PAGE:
Why the recruitment process is broken
It doesn’t think of the applicant as a customer.
As many of you know, I’m currently looking for a new job.
For my last three jobs, I applied direct to the company, had 1 interview and was offered the job.
Now I’m further along in my career, I’m applying for jobs at bigger companies — which in turn have more complex structures, HR departments, recruitment processes which slows down the process.
Here is a list of things I expect from my potential future employer.
Like most things in life, it’s the common sense, basic common courtesy stuff that often gets overlooked.
Hopefully, this is a reminder to agencies and recruiters of what “good” hiring looks like.
- I want to know how many stages to your recruitment process there are up front
- I want positive feedback if you invite me to a second interview
- I want constructive feedback if you invite me back but you have concerns so I can respond to those when we next meet
- If you decide not to take me to the next round, I’d like detailed feedback on where you felt my experience was lacking
- I want you to give me an update if “there’s no update” i.e. “It’s proving problematic to find a time where the CEO can meet you, we’re still really keen to meet you. Please bear with us”
- I want you to respond within 2 days to email communication
- I want you to be able to give an indication of the salary range, even if it’s large and dependent on experience
- I want to know if the salary you’re advertising is negotiable
- I don’t want to be asked “what I’m currently on” because I want you to focus on what I’m worth (see more great reasons why not to ask here)
- I want you to take interest in me as a person
- I want to know upfront what the job package consists of. I don’t want to find out after you make an offer that you don’t have a conference budget and that I have to take 2 weeks at Christmas off and it’ll be deducted from my annual leave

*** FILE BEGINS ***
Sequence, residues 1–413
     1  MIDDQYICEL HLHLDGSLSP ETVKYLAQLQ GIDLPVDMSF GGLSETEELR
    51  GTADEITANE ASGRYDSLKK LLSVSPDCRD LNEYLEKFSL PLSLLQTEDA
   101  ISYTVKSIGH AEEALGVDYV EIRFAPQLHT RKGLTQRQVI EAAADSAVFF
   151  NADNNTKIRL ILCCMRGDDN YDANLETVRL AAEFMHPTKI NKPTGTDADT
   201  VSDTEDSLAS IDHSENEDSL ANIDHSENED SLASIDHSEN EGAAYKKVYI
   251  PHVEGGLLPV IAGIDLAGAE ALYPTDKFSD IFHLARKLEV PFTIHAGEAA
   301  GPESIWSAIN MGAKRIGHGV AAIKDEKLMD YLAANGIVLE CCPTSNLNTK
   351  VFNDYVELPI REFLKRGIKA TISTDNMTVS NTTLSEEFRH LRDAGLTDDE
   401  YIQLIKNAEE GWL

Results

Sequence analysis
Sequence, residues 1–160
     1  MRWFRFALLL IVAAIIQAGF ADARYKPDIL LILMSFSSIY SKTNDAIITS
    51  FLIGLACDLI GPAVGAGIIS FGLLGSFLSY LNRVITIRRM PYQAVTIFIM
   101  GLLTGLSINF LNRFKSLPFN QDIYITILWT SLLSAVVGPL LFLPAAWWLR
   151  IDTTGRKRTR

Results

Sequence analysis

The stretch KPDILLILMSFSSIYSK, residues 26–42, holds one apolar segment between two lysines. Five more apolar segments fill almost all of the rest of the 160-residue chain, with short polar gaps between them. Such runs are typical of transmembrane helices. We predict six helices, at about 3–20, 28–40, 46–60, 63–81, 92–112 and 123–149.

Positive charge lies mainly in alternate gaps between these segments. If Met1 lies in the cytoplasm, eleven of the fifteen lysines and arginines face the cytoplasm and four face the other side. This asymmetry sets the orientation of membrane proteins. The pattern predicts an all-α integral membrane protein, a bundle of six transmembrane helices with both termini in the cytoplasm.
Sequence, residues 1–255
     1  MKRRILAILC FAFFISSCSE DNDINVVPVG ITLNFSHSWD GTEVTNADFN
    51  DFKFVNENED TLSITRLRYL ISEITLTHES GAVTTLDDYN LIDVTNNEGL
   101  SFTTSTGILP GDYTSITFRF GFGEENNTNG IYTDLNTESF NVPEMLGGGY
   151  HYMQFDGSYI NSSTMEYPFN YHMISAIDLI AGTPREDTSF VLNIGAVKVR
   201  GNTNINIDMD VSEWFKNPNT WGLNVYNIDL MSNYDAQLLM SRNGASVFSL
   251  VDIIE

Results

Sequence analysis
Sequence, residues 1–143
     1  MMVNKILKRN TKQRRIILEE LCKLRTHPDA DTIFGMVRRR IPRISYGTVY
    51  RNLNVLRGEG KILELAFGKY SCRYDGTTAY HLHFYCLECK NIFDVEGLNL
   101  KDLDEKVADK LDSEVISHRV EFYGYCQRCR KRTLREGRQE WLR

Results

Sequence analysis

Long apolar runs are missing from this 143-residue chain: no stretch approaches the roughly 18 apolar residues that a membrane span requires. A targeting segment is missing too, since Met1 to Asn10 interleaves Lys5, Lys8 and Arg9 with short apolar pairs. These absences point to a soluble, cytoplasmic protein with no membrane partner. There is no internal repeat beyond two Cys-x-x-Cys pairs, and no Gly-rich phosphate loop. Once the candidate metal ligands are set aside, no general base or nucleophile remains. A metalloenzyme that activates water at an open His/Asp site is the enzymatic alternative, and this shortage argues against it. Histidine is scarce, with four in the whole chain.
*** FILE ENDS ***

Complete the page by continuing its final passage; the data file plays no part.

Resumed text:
- I want to know who will be interviewing me, so I can research who they are. I’d also like an indication of how formal it’ll be
- I want you to give me several days notice before expecting me to come for an interview
- I want you to show flexibility regarding telephone interviews, ideally in lunch breaks or before or after work hours
- If you’re a recruiter I want you to respect my contact preferences. I’ve got a full-time job, I will respond in good time. I don’t need 3 missed calls, 1 text message, and 1 email to remind me you exist
- I want to know what your policies are on remote working and flexible working practices
- I want to know if you encourage and most importantly value blogging, social media, speaking, meetups, if you invest in the tech community and how you’re tackling diversity in the workplace. Basically, I want to know if we share the same values
- I’d prefer if you didn’t refer to “Childcare voucher scheme / cycle to work schemes” as benefits. I expect these as standard
- Remember the language in your job descriptions tells me a lot about your organisation i.e. “You must deliver projects on time and budget” will immediately put me off
- I want to hear you talk about the culture of the organisation — “everyone is very hard-working, motivated and driven” does not tell me about how people interact with each other or what it’s like to work at your organisation
- I want you to be honest if people consistently work longer hours than are advertised. I want a work life / balance and therefore want to know if your organisation can support that
- Ideally, I’d like all communication to come through the same person — with one current application, I’ve had emails from three different people within the organisation
- I don’t really care if you have a pool table or a nap pod. I do care about autonomy, purpose and mastery, tell me about that.
There are plenty more but in the attempt not to seem completely high maintenance, I’ll leave it here.
Reassuringly the majority of these things are easy to fix and could make the difference from your next best candidate accepting or rejecting your offer.